Seven Postcards from Dover

The teacher said inner truth
and the chalk said like a fresco inside the earth
that no one has ever seen
and one day decides to be discovered
and begins to breathe—
do you know what that means?
The child broke the chalk.
The mother said be strong.
The child said when I die I want to be a dwarf.
A detective has just drawn a circle
with a piece of chalk, a private circle
from which the victim will eventually look
up, not at random, not at will,
but when it calls to her,
the chalk, the crushed bones
of sea creatures who ringed the earth
when it was under water.
A man sits in the bath house
in a deep tub
of fizzling yellow water
that surrounds every hair on his body
and makes it stand upright.
When the attendant comes, she will
clean the tub by moving her hand
slowly around the ring, like a snail.
An atoll is a ring of coral
protecting a tureen of plankton.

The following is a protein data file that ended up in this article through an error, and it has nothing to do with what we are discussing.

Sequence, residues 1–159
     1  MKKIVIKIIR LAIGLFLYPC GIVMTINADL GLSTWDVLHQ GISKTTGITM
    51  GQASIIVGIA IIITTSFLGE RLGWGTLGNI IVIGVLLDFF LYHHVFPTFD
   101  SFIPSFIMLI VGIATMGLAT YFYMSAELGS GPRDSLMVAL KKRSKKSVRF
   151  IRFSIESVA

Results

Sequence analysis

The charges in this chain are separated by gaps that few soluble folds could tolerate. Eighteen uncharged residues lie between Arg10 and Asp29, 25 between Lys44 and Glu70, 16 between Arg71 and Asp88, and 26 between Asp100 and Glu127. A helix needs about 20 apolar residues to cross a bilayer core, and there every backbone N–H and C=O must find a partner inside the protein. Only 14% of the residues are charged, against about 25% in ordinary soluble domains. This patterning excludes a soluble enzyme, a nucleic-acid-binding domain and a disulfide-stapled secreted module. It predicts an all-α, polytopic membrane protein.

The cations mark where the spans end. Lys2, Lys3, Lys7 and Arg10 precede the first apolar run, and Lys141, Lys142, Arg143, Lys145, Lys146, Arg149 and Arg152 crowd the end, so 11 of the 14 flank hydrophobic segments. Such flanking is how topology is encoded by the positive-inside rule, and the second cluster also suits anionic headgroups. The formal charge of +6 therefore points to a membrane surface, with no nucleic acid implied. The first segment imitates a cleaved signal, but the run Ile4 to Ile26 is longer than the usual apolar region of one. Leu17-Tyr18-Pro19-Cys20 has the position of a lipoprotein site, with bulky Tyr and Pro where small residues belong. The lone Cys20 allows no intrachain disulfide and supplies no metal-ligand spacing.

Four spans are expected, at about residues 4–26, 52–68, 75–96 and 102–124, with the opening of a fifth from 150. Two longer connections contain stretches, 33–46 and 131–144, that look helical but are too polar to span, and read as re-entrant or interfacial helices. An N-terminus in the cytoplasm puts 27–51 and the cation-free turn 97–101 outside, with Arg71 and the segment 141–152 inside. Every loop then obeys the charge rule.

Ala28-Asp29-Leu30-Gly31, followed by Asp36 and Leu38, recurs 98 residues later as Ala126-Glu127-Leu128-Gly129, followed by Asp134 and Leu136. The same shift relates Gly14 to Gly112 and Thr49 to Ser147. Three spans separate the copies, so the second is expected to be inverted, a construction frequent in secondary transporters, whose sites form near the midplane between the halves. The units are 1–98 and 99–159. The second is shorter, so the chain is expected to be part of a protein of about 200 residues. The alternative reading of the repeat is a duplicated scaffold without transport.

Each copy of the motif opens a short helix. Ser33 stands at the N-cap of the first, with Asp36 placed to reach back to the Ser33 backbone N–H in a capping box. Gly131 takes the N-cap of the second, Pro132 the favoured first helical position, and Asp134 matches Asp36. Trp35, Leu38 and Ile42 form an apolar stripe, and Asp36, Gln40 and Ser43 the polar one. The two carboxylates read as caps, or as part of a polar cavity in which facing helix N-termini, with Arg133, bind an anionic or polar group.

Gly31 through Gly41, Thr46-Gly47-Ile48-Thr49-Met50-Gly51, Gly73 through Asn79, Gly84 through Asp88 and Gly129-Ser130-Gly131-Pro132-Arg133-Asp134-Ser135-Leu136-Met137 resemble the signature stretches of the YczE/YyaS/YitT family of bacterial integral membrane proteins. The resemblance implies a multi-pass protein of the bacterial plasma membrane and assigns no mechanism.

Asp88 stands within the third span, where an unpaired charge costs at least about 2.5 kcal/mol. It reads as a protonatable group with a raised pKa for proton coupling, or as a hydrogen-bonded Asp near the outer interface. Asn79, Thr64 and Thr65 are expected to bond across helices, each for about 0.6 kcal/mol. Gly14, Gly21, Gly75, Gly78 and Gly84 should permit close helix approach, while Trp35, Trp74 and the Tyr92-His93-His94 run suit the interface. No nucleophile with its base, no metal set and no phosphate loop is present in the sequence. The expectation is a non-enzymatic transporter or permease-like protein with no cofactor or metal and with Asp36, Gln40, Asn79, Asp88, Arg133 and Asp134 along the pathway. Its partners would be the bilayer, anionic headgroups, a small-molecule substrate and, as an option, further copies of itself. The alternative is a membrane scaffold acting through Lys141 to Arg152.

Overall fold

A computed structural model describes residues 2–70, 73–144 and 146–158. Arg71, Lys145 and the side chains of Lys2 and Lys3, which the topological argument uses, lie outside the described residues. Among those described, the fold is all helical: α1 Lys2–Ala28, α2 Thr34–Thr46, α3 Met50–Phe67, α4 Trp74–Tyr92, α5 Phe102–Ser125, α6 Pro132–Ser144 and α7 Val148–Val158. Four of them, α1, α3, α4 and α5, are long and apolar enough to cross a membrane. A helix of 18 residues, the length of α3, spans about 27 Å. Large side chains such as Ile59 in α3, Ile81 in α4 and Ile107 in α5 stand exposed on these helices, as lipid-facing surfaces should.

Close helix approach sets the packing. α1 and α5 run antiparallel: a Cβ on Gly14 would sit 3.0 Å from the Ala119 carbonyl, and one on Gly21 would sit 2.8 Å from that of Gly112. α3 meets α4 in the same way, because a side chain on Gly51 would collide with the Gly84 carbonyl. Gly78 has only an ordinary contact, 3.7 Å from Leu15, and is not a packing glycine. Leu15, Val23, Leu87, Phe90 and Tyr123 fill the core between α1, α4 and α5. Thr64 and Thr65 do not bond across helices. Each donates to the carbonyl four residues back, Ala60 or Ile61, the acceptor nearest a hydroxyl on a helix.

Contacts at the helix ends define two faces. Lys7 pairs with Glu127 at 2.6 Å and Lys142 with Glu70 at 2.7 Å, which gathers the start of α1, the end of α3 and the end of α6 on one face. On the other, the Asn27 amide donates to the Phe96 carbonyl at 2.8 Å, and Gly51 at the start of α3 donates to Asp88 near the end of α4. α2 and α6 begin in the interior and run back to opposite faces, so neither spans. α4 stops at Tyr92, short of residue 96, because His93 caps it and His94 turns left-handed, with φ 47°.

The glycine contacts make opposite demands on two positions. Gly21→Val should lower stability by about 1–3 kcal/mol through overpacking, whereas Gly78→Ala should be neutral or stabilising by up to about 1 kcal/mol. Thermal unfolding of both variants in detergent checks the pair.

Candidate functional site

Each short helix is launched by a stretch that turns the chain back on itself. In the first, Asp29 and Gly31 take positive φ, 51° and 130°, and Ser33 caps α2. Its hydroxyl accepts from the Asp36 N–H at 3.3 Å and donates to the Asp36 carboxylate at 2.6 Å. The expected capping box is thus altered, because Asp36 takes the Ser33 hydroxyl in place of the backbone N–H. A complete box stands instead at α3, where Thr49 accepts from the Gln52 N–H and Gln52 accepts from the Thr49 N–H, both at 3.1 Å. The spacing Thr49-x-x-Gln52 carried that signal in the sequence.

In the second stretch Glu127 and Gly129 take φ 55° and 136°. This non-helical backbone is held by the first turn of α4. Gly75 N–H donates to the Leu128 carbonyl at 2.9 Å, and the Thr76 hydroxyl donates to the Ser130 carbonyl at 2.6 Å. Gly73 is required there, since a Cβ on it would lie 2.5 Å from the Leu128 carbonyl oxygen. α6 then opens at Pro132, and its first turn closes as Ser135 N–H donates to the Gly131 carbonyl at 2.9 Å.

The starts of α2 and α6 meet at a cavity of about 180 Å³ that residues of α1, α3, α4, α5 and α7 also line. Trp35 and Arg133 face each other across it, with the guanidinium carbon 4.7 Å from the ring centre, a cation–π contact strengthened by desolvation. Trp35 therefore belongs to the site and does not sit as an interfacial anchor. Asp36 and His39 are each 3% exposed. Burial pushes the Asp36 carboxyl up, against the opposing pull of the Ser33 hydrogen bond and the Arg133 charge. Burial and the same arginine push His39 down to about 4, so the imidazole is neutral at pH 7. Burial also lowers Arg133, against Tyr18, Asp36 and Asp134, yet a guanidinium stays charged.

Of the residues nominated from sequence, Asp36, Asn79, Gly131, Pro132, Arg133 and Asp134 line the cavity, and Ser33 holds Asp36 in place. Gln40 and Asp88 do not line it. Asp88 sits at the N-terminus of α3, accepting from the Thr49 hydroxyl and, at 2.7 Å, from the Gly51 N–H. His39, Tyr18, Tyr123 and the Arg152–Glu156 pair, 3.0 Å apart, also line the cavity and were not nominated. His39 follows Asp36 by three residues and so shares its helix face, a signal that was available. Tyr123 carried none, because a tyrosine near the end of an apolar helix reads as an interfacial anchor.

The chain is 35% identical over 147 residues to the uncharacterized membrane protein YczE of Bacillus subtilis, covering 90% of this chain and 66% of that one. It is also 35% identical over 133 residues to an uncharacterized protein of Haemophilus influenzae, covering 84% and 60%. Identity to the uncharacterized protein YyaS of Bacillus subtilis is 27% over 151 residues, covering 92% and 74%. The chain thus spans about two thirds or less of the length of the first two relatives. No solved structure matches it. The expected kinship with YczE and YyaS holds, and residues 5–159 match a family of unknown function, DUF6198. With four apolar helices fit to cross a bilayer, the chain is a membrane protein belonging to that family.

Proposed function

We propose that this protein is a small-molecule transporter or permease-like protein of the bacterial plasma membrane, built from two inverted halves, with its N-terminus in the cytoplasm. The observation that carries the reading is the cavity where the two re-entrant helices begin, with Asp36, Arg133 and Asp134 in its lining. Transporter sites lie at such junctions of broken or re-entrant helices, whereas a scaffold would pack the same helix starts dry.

It is easy and Japanese to be sad
knowing something is going to pass.
He put the ring on her chalky finger.
Long after chalk had passed out of use,
carpenters still felt for it in their pockets
and looked aimlessly at the sky.
The cathedral was roofless.
It began to snow inside.
A half broken pillar in the nave
grew taller.

Mary Ruefle, “Seven Postcards from Dover” from Among the Musk OX People: Poems. Copyright © 2002 by Mary Ruefle. Reprinted by permission of Carnegie Mellon University Press.
Source: Among the Musk OX People: Poems (Carnegie Mellon University Press, 2002)